about

Turtles and Guardians

Seven of Ontario’s eight native turtle species are currently at-risk. Turtle populations have declined globally in the last 20 years by about 50%. Predation by raccoons, skunks and foxes is a major problem for turtle nests. Turtles are killed on roads as they cross to reach annual nesting sites. Some turtles, such as Snapping Turtles, are killed by humans for food or who mistake them as dangerous to have in lakes and ponds. Turtles are also taken out of breeding populations to be kept as pets. Turtles can live over 250 years but it takes them at least 80 years of laying eggs to ensure the survival of one new turtle. Most turtles killed on roads are females, so most turtles we see in lakes and ponds are males. Snapping turtles help maintain water quality and keep lakes clean by eating dead matter. Turtle’s are an essential part of the our wetlands ecosystem, their habitat regulates water quality and quantity and is essential for the survival of fish and wildlife as well as our own health and wellbeing.

Turtle Guardians help conserve turtles and turtle habitats. They help to increase survival of turtle eggs by receiving and installing protective cages with safe exit points on nest sites. They help to conserve turtle populations by learning to identify, monitor and report turtle sightings and habitat features and then by applying conservation and stewardship measures on their properties. Volunteers are provided with education and support through workshops, presentations, online resources, and access to project field experts.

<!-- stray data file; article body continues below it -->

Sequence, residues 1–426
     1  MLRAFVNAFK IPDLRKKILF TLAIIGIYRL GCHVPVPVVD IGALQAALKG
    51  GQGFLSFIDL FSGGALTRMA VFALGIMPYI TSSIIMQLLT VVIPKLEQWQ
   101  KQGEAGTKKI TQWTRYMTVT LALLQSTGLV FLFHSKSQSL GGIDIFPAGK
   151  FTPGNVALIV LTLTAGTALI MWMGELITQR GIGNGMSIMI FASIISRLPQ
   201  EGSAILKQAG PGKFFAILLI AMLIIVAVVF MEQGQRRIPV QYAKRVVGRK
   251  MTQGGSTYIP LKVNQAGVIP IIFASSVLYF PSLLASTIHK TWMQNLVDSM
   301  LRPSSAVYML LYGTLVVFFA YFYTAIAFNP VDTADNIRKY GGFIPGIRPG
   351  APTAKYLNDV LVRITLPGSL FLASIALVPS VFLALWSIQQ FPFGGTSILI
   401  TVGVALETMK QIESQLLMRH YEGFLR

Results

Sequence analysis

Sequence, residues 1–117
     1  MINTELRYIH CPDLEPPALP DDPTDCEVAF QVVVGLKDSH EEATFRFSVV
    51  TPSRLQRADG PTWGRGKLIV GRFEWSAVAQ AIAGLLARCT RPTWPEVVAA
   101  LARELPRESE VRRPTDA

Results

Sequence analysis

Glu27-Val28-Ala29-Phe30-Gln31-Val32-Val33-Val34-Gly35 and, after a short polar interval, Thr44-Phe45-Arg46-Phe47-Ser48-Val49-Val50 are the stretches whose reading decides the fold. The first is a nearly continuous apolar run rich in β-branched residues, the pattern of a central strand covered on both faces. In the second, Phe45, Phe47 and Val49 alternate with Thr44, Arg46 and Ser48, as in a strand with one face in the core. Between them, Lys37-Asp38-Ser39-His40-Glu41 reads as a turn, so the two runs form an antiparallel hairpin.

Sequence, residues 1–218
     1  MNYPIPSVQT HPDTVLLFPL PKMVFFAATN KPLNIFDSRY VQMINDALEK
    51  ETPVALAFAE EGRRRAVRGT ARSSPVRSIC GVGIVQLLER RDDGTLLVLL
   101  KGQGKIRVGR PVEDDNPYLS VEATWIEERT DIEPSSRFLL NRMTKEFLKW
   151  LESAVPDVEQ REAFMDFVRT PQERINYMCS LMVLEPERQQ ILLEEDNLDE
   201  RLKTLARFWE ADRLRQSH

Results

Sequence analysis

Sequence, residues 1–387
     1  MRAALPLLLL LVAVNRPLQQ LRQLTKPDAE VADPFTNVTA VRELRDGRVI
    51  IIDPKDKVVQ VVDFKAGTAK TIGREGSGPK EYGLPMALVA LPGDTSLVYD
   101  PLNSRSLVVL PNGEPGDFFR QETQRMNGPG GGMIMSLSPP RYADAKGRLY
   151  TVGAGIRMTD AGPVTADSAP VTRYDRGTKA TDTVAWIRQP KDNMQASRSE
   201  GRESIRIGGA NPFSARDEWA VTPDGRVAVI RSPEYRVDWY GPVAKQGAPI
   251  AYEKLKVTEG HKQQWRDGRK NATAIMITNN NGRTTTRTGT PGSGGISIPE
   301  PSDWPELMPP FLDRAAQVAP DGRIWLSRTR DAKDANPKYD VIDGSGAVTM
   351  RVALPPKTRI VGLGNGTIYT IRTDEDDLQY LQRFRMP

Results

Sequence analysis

The Turtle Guardian Program delivery area for workshops and events is focused in The Land Between- a region harboring the majority populations of many turtles in Ontario.

The Land Between region

A Group Effort

Few conservation groups in Ontario are focused on helping to conserve and monitor turtles. Those with this ambition and mandate have joined together to create the Turtle Guardian program. By joining efforts, we can better support turtle conservation and research in Ontario; and Turtle Guardians benefit from all of our resources. The Land Between and Kids For Turtles Environmental Education are leading this effort and providing infrastructure, education, and site visits for the program. Information from the Turtle Guardians program is shared with the Toronto Zoo and Ontario Nature who assemble location information for the Reptile Atlas and within their Adopt-a-pond program. They also provide great educational materials and support! Other conservancies provide site visits, expertise and benefits in support of land stewardship and securement for the future. And if Guardians decide to share information from their own properties or public areas, we will provide locations of turtles to government planning authorities who use this information in planning and mitigation projects.